Patellar tracking disorder means a painful knee joint injury that can cause severe pain and various knee problems. Depending on the extent of the injury, you may need extra knee support, strengthening exercises, or even orthopedic surgery. It can be brought on by muscle weakness, too much force, repetitive motion, or various other causes.
In Part 1 of our patellar tracking disorder series, we explored the condition and its causes. Here in Part 2, we will discuss options for how patellar tracking disorder is treated and how to get rid of the knee joint pain.
But first, let’s do a brief review of the condition.
Kneecap Recap: Patellar Tracking Disorder
The patella, or kneecap, is located atop a layer of cartilage and moves along a groove at the end of the femur. Your knee becomes susceptible to injury if exposed to excessive or repetitive forces.
With patellar tracking disorder, the patella is pushed out of the femur groove and moves toward the outside of the leg. Patellar tracking disorder can also be caused by leg muscle weakness, too tight or loose tendons, aging, and excessive weight.
Patellar Tracking Disorder Symptoms
Patellar tracking disorder symptoms include knee pain, severe pain, and swelling in the front of the knee. The pain intensifies when you apply pressure as you run, jump, or use stairs. You may feel your knee pop, grind, slip, or buckle. In severe cases, the knee may be completely dislocated.
How is Patellar Tracking Disorder Treated?
Several home remedies are available for patients who are not experiencing severe pain:
- Refrain from stressful activities, such as running, jumping, and kneeling.
- Ice your knee, and try heat after a few days.
- Use over-the-counter pain relievers as directed.
Once the pain decreases, you can start exercises to strengthen the knee.
Sometimes, more extensive treatment is needed. At Bergen Chiropractic and Sports Rehabilitation Center, we use evidence-based techniques to relieve the symptoms and stabilize the area. After assessing the injury, we select soft tissue techniques that will address your specific condition.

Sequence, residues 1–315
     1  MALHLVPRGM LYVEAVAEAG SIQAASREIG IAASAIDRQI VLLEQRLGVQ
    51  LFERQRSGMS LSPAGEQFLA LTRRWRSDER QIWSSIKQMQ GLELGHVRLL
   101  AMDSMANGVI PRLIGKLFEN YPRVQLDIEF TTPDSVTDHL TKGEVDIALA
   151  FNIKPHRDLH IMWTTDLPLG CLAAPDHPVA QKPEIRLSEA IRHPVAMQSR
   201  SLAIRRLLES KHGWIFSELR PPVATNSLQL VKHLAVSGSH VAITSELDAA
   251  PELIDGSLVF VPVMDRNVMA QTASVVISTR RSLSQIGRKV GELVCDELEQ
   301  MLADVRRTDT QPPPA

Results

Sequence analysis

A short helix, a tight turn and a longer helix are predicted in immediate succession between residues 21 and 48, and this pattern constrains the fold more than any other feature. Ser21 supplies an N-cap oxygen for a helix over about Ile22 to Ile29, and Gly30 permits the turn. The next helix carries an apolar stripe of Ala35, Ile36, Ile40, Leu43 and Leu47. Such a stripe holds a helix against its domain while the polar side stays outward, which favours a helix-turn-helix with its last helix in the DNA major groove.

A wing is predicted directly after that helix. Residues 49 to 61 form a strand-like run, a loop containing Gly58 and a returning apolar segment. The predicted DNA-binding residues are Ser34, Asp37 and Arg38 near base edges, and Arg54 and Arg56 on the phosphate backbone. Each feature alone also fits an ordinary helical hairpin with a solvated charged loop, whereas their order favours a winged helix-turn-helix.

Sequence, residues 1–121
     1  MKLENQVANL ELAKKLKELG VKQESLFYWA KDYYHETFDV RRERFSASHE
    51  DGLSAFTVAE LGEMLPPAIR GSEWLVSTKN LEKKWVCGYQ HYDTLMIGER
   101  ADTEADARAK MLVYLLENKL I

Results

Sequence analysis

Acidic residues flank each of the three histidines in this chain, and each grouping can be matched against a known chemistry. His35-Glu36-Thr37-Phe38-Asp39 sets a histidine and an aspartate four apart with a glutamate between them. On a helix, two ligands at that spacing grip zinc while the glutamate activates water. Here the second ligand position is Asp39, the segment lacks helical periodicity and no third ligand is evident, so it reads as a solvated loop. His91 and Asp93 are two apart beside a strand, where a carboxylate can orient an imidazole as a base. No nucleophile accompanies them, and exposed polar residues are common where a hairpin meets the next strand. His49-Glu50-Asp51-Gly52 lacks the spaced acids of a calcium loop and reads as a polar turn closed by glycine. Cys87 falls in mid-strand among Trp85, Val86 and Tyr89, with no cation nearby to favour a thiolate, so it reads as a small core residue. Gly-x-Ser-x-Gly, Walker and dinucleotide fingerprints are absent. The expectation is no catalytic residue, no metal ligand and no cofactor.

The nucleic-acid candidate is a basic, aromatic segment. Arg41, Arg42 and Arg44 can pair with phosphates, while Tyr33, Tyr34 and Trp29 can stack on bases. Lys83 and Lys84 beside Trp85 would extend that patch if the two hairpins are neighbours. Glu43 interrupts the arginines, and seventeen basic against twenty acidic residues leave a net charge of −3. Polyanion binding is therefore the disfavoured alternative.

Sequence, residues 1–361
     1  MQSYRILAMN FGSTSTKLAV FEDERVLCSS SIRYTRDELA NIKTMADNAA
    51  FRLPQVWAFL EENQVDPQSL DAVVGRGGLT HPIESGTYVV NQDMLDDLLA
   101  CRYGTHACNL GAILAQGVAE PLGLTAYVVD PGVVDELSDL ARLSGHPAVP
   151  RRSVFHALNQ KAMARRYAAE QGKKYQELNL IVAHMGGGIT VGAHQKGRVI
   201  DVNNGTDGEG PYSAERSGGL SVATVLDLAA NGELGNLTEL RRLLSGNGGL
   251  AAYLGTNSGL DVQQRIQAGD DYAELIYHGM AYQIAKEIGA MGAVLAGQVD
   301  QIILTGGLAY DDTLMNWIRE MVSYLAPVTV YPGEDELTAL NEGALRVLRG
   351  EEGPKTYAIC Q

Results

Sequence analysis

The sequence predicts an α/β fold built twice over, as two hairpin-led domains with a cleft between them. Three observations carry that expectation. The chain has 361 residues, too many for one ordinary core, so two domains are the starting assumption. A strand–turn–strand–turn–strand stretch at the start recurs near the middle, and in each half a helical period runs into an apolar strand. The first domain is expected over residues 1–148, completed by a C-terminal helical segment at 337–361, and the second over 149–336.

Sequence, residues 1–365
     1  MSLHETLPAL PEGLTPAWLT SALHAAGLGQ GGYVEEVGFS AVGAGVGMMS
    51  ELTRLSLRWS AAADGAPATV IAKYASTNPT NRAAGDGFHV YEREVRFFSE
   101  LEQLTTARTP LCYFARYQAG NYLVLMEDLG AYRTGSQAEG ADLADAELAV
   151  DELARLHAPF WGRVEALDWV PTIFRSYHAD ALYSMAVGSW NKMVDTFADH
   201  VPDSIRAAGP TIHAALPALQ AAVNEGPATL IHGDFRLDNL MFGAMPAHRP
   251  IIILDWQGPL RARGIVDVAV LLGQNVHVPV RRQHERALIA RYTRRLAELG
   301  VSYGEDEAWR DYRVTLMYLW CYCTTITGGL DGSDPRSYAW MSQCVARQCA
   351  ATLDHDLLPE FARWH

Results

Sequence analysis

This clinically proven Instrument Assisted Soft Tissue Mobilization (IASTM) technique uses stainless steel tools to detect and break down scarring.
Active Release Technique (ART)
This movement-based technique treats restrictions in muscles, tendons, ligaments, fascia, and nerves. We combine directionally specific soft tissue contacts with several tissue-selective movement patterns.
FAKTR (Functional and Kinetic Treatment with Rehabilitation, Provocation, and Motion)
FAKTR combines soft tissue treatments, resistance training, and exercises to produce fast results. FAKTR, developed by Dr. Gregory Doerr, DC at Bergen Chiropractic, and Thomas E Hyde, DC, reboots the nervous system, increases the proliferation of healing cells, remodels injured tissues, and directs blood flow to the injured area to reduce swelling and bruising.
Patellar Tracking Disorder Exercises
Gentle strengthening exercises help ease knee pain and strengthen the surrounding muscles.
#1: Quadricep Contractions
- Sit up against a back support.
- Straighten one knee and bend the other.
- In the straight leg, tighten the quadriceps and hold it for five seconds.
#2: Wall Slides
- For wall slides, stand with your back against a wall.
- Gradually bend your knees and slide down the wall until your knees are at a 45-degree angle.
- Hold for five seconds, then slide back up.
#3: Straight-Leg Raises to the Front, Inside, Outside, and Back
The straight-leg raise helps increase the range of motion.